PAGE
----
What's the Latest on UK Property Funds?

With most UK property funds still suspended, we take a look at how the sector has performed year to date and since the Brexit vote

James Gard 9 April, 2020 | 12:57AM
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Oxford Street

With shopping centres closed and high streets deserted because of the coronavirus lockdown, this is not a good time for funds that own commercial property.

Concerns about liquidity have plagued the sector since the Brexit vote in 2016, and many experts argue that open-ended funds are not suited to investing in illiquid assets such as office blocks and shops. Most open-ended funds that invest directly in property have now suspended trading to stop a wave of redemptions from investors, meaning around £5 billion of investor’s money is frozen in these funds. Industry experts appointed have warned that in the current climate it’s impossible to put a proper valuation on these assets.

M&G Property, one of the largest funds in the sector, suspended dealings in December, and this year more funds have followed suit as the coronavirus outbreak has sparked widespread panic across global markets. The last time there were so many property funds suspended was after the Brexit vote in June 2016, when there were fears the UK's exit from the bloc could cause a collapse in the property market. 

We have looked at the 10 biggest funds by assets under management in the IA UK Direct Property sector to assess their performance year to date as well as since the Brexit vote. The below chart indicates the funds by size. 

Biggest property funds

As you would expect, performance has been hampered this year by a move away from risky assets, especially those exposed to the fate of the wider economy such as commercial property. There are widespread predictions that after months of home working while on lockdown, many businesses may look to reduce their office space in the future. 

Just three funds have achieved positive returns in the year to date – BMO UK Property, ARC TIME Commercial  Long Income and MGTS St Johns High Income – but this is impressive in the context of a slump in equity markets. In comparison with the equity markets, the FTSE All-Share is down 26% so far this year and down 6.8% since the Brexit vote. The three funds that have gained so far this year are also the ones that have posted positive returns over both time periods.

Looking at the longer-term performance there is a big difference between the strongest and weakest funds: ARC TIME Commercial is up 18.8% since the Brexit vote, but Aberdeen UK Property down 2.4% since then.

Property funds

Supermarkets and Shopping Centres 

A delve into the types of buildings these funds own gives some clue as to why there is such a disparity in their performance.

For the ARC TIME Commercial Long Income fund, supermarkets make up a big chunk of the portfolio and these have been key retailers in recent weeks. The fund owns stakes in Sainsbury’s and Morrisons outlets across the country, for example. Retail warehouse and logistics space, meanwhile, make up more than 10% of the fund’s assets and these are areas which have proved resilient, if not vital, in recent weeks as households rely on e-commerce to get goods delivered while they are on lockdown.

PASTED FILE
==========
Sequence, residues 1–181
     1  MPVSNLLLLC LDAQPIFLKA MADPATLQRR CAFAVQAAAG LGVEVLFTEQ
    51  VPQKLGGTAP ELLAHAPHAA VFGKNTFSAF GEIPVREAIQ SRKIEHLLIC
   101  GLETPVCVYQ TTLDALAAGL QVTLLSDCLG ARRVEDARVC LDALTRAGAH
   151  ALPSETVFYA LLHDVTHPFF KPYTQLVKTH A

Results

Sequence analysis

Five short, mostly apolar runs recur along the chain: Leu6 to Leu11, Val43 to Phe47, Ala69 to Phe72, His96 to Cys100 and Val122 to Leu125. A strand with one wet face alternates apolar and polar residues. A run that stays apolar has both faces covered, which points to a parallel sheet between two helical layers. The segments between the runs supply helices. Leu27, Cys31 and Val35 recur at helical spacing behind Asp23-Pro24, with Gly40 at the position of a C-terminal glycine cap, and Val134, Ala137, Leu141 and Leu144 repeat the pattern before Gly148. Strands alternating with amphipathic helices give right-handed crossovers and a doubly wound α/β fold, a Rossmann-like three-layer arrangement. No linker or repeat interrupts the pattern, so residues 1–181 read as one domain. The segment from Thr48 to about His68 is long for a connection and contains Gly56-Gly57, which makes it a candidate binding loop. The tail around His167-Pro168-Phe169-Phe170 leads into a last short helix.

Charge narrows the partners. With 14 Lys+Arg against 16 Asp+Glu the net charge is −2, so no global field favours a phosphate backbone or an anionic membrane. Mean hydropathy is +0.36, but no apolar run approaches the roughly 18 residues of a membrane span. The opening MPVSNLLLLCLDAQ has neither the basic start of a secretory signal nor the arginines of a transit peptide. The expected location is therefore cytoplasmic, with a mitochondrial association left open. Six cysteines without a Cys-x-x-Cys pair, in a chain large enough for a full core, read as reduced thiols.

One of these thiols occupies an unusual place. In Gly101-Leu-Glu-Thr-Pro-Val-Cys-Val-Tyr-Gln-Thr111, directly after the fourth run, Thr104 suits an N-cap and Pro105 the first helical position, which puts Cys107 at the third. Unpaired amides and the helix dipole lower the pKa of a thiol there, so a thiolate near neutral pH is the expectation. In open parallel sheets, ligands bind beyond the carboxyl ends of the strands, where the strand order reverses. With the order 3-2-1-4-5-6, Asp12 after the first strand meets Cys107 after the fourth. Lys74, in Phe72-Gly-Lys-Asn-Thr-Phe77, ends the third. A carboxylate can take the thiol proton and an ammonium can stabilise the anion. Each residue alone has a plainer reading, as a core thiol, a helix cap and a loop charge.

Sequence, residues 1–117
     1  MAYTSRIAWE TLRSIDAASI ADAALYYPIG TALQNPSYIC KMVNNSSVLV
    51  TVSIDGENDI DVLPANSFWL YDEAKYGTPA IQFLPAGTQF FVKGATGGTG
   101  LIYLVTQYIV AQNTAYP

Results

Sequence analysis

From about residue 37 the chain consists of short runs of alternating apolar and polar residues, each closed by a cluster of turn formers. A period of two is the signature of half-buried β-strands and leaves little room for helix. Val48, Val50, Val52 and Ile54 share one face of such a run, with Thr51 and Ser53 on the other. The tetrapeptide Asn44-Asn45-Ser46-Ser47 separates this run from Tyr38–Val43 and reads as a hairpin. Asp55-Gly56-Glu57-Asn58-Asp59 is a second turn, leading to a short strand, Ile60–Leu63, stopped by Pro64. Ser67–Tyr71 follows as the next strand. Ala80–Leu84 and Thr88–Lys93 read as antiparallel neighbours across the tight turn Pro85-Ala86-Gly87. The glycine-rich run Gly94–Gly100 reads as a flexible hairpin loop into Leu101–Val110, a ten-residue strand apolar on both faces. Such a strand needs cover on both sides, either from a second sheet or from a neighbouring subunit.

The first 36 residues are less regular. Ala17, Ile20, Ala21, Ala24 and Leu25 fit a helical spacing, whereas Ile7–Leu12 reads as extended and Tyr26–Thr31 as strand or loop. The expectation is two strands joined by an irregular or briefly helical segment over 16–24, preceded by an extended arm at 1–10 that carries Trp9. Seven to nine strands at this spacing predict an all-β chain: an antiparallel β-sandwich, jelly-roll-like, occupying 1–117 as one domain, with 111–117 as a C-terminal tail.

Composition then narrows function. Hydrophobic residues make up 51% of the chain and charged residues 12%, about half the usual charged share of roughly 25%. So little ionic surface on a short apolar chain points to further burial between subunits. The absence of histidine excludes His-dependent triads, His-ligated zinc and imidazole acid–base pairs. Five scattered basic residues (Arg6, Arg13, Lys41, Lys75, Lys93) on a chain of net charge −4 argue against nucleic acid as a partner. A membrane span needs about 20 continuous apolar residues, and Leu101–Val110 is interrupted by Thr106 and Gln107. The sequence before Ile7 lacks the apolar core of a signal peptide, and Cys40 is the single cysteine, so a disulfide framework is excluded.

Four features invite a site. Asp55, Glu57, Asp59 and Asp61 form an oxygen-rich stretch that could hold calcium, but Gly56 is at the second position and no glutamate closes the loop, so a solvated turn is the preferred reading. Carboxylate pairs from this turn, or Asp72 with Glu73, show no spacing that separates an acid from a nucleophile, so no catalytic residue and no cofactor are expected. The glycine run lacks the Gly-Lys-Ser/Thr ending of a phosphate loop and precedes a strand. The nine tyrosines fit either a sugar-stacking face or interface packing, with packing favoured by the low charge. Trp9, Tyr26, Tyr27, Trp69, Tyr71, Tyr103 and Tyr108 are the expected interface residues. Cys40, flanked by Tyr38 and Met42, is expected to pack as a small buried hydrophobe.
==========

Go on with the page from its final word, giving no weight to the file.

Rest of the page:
ARC fund

On the flipside, leisure, hotel and office space have been hit hard by the lockdown: the fund owns stakes in Holiday Inn Southend and a Travelodge branch in Kingston.

Retail space dominates the portfolio of Aberdeen UK Property, meanwhile, which has been the worst performer since the Brexit vote. With the sector accounting for more than half of the fund's portfolio, its assets include Sheffield's shopping district The Moor and the Broadwalk shopping centre in Edgeware.

Aberdeen UK Property

For these retail-heavy funds, a lot depends on how quickly the lockdown is lifted and how soon people can go back to work and shoppers to venture out again. The question of fund suspensions is another one for investors to grapple with; Ryan Hughes head of active portfolios at AJ Bell says the length of time M&G has been suspended (currently five months) may give a clue to how long investors will have to wait. “Investors will understandably find these closures distressing at such an uncertain time in markets. However, there’s nothing they can do now but wait it out and hope that the suspensions don’t drag on for too long,” he says. 

The information contained within is for educational and informational purposes ONLY. It is not intended nor should it be considered an invitation or inducement to buy or sell a security or securities noted within nor should it be viewed as a communication intended to persuade or incite you to buy or sell security or securities noted within. Any commentary provided is the opinion of the author and should not be considered a personalised recommendation. The information contained within should not be a person's sole basis for making an investment decision. Please contact your financial professional before making an investment decision.

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James Gard

James Gard  is senior editor for Morningstar.co.uk


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